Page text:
Dozens of marijuana advocates and business owners piled into the Boston City Council’s chambers last Tuesday for what was supposed to be a legislative hearing — a chance for officials to get feedback on proposed changes to the city’s cannabis permitting process.
But the session quickly devolved into a cathartic airing of grievances. Frustration with what critics say is a lack of speed, transparency, fairness, and equity in the city’s marijuana industry had clearly reached a boiling point, as the crowd heckled and groaned at remarks by officials, and speaker after speaker railed against City Hall.
“We’re in that limbo phase … We’re trying to hold onto properties, pay lawyers, pay architects, and we are going through an indefinite process where maybe at the end we have a license, maybe we don’t,” said Jon Napoli, the owner of the Hempest clothing store and a member of a state-certified “economic empowerment” group seeking a retail pot license. “Really, all the advantages are going to the big-money people right now.”
The hearing concerned Councilor Kim Janey’s proposal to ensure that locals who suffered during the drug war benefit from the lucrative new recreational pot industry. If passed, the measure would mandate that for two years, officials only give local permits to Boston residents who are black or Hispanic, from certain neighborhoods with high rates of pot arrests, have low incomes, or have a drug conviction or a family member with one.
Of course, getting capital is one of the hardest obstacles for applicants without big investor-backing, as banks aren’t lending because of marijuana’s federal illegality.
While Janey’s proposed ordinance calls for helping entrepreneurs raise funds, it doesn’t outright provide them with capital. But the chairman of the Cannabis Control Commission last weekspilled some details on his idea for solving the problem to the Globe’s editorial board — more on that in a minute.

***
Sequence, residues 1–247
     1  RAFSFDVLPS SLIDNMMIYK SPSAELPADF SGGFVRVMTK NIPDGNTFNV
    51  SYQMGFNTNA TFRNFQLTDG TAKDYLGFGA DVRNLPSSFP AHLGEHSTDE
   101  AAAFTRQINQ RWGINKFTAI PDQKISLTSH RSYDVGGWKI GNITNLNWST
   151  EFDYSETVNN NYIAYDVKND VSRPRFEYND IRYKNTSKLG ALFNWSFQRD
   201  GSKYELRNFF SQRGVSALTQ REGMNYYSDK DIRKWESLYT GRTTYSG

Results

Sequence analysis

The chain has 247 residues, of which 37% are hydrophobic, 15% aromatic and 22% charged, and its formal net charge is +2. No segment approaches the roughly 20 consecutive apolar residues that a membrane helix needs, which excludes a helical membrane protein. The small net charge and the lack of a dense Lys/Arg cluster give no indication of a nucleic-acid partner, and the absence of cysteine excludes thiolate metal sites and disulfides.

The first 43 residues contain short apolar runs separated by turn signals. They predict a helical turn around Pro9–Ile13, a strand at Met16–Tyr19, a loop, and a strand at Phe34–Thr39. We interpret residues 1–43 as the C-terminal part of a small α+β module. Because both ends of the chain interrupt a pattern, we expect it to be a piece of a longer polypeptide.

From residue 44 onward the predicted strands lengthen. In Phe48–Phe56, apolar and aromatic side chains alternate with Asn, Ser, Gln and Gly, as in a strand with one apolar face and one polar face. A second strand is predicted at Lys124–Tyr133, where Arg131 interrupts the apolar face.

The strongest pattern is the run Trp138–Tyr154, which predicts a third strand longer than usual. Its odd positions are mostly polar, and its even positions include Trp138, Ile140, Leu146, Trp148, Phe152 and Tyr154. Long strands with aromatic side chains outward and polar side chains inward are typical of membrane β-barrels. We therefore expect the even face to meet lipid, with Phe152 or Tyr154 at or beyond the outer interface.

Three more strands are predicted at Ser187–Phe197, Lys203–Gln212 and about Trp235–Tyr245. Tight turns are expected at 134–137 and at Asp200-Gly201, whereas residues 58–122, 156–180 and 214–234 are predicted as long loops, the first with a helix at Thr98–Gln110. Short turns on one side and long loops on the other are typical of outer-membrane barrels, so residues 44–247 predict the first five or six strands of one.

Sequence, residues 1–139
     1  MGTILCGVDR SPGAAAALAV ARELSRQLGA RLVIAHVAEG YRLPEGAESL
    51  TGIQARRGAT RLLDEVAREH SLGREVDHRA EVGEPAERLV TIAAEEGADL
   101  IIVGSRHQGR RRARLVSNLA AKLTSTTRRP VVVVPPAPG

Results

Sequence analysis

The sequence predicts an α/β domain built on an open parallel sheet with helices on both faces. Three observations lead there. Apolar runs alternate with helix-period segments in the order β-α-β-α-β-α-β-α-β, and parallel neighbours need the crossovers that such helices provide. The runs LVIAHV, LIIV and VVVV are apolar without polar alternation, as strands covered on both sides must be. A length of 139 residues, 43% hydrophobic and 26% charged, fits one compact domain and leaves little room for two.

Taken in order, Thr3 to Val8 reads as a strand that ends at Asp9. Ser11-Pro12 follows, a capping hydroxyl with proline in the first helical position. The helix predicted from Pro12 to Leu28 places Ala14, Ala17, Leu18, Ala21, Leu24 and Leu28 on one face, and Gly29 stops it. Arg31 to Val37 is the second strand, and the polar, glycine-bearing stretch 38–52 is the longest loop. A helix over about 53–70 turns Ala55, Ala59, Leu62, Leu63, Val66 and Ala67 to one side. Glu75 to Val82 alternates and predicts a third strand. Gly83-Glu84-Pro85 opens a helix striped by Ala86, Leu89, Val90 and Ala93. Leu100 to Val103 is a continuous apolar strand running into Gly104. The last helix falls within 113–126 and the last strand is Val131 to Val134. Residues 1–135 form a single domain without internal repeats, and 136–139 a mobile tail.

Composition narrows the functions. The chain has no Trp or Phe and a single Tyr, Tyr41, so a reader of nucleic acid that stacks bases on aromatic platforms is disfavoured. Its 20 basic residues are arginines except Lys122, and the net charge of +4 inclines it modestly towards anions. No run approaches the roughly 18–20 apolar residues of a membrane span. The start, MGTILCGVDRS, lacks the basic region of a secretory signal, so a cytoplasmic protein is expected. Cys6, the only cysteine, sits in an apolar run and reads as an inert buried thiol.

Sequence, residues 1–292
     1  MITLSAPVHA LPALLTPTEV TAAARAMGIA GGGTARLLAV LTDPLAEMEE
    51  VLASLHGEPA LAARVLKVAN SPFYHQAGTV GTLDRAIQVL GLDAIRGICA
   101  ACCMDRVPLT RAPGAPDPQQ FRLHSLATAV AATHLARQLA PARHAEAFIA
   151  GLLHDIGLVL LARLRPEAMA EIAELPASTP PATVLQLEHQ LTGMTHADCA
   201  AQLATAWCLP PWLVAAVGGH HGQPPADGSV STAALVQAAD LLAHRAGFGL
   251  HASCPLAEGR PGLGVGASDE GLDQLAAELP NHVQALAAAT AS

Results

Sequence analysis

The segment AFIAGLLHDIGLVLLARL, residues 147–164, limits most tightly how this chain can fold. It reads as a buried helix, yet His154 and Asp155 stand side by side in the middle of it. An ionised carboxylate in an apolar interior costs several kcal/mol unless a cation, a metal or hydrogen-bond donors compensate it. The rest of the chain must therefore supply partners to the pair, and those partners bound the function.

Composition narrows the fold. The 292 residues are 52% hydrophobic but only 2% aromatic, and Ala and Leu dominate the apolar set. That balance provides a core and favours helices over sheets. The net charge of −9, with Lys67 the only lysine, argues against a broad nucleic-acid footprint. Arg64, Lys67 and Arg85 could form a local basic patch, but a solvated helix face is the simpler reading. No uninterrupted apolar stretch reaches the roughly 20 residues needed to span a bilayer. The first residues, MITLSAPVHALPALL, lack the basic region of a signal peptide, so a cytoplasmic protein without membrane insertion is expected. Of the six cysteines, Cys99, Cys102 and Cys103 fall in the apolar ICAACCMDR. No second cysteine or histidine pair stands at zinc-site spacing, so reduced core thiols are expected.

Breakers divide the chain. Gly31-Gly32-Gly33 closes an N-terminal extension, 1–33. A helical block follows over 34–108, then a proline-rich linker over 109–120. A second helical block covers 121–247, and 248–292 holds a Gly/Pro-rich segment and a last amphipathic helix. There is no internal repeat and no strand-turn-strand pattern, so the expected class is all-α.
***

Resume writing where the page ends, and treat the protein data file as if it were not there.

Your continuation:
Council members didn’t vote on Janey’s proposal last week, though each expressed general support for her ideas. And some councilors criticized Mayor Marty Walsh’s administration for what they said was an opaque and achingly slow process that has left dozens of entrepreneurs paying rent on empty properties that may or may not ever host a licensed marijuana establishment.
Two top Walsh officials involved in local marijuana approvals defended their handling of the issue, saying the administration is doing its best and learning as it goes. Walsh, who didn’t attend the hearing, hasn’t directly said whether he supports Janey’s proposal. But after a long period of silence, the mayor late last year adopted equity as his central talking point about legalization, which he strongly opposed in 2016.
“Boston is taking proactive steps to ensure much-needed equity in this new industry,” Walsh wrote in a letter published Thursday by The New York Times. “Boston is a city that pioneers social change, and we are also a city that does things the right way. Our goal is to set a new national standard for equity in the emerging cannabis industry.”
So that’s where Boston stands — nine businesses have received city approval through host community agreements to become licensed, with the recent wave including three firms whose owners were local residents or racial minorities, or both. As slow and opaque as the city has been, at least it’s doing something. Most other cities and towns can’t say the same. Only a handful of others — like Somerville — have passed equity measures. Elsewhere, businesses that lack the backing of wealthy investors face a tough-to-near-impossible road on the local level.